Friday, April 3, 2020

1971 SPECIAL- THE MILWAUKEE BREWERS DEBUT

Today’s blog post has a 1971 custom celebrating the April 7th, 1970 debut of a new Major League franchise, the Milwaukee Brewers, who were brought East after one season as the Seattle Pilots the year prior:


Falling to the California Angels 12-0 on Opening Day in 1970, the Brewers began their franchise run as an American League West team before sliding into the East in 1972 to make room for the Texas Rangers.
Pretty much the Seattle team from 1969, their stars in their inaugural campaign were double-threat Tommy Harper, who would go on to have a 30-30 year with 31 homers and 38 stolen bases, Centerfielder Dave May, and reliever Ken Sanders.
A guy by the name of Bud Selig, the future joke of a Major League Commissioner, was their owner, who acquired the team in bankruptcy court, and would own the team in one form or another through 2004.
By the end of the 1970’s they were putting together loaded teams that would eventually make the World Series in 1982, falling to the St. Louis Cardinals, boasting line-ups with guys like Robin Yount, Paul Molitor, Ted Simmons, Cecil Cooper and Gorman Thomas.
In 1998, the organization was moved to the National League (which still irks me), where they have been ever since, making the N.L. Championship Series in 2011 and 2018, losing both times.

3 comments:

  1. When asked why the Astros were moved to the American League (instead of the Brewers), that idiot Selig said "Milwaukee is a National League town".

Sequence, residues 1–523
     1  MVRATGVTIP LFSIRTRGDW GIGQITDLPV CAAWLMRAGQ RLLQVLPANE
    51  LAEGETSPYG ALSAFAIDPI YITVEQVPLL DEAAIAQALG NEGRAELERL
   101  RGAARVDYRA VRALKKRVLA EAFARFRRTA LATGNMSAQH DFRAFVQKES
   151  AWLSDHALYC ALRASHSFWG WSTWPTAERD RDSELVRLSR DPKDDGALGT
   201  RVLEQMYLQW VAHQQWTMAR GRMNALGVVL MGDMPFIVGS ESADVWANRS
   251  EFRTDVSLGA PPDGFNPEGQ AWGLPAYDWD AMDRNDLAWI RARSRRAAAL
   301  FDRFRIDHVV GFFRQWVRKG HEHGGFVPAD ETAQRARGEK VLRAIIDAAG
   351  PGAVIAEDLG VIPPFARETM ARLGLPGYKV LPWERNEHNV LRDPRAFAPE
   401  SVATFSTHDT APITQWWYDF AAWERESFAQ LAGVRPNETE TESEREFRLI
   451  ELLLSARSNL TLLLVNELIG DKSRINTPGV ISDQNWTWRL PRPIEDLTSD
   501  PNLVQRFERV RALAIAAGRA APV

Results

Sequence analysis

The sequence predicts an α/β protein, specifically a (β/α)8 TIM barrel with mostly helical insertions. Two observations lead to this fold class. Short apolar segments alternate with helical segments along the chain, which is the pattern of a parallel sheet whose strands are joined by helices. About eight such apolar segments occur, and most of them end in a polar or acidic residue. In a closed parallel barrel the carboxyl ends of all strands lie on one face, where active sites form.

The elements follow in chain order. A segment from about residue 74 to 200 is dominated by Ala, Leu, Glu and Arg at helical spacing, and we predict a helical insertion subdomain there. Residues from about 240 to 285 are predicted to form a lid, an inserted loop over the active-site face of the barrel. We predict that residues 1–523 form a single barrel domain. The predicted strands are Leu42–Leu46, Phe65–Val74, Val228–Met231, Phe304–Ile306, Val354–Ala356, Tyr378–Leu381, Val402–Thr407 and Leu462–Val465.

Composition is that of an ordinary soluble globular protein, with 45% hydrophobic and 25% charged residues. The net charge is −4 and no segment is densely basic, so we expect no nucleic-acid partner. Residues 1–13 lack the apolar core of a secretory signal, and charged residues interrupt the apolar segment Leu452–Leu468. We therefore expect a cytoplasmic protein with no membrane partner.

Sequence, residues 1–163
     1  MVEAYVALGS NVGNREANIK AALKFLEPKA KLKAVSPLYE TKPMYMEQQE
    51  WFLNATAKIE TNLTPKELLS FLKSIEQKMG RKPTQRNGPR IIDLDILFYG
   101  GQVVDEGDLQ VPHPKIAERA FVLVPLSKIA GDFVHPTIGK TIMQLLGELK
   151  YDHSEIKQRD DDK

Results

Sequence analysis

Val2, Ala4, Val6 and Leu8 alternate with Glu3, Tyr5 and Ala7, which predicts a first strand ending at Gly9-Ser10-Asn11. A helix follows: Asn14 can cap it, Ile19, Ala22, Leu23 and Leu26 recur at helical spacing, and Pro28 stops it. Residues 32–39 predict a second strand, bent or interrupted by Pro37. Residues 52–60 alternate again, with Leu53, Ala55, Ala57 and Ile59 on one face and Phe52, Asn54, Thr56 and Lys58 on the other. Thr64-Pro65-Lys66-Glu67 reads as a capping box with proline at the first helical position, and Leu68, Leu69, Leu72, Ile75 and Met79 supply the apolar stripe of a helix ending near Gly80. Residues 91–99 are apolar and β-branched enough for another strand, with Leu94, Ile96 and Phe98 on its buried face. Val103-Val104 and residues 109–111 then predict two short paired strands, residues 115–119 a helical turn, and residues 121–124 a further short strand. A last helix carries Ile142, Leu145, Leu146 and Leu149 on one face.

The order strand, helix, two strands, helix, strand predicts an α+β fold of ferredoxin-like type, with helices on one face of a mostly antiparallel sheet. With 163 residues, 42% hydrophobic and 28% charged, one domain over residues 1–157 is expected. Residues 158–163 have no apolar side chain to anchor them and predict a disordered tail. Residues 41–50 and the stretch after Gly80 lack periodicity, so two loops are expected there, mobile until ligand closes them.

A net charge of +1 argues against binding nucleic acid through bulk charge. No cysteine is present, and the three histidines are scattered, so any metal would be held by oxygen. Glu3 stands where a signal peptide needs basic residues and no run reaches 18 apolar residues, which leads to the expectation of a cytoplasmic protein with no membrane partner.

Oh yes, based on the 13 years the Braves were there. What about the FIFTY years the Astros were in Houston?

    What a dope!

    http://img.gawkerassets.com/img/196g0ulgr7ujhjpg/ku-xlarge.jpg

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  2. Looks like pretty good attendance in the photo, considering the Brewers only had moved to Milwaukee EIGHT days before the season. Cannot imagine how quick they had to sell tickets to the opener with just about a week to do so.

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  3. What timing!

    Just finished reading Jim Bouton's book, Ball Four, last week. This fits in nicely.

    He may not have been the best commissioner, but I do have to thank him for bringing baseball back to Milwaukee. His thinking of Milwaukee is a "National League" town goes back to his days of watching the Braves when they were here. Hindsight is always 20/20.

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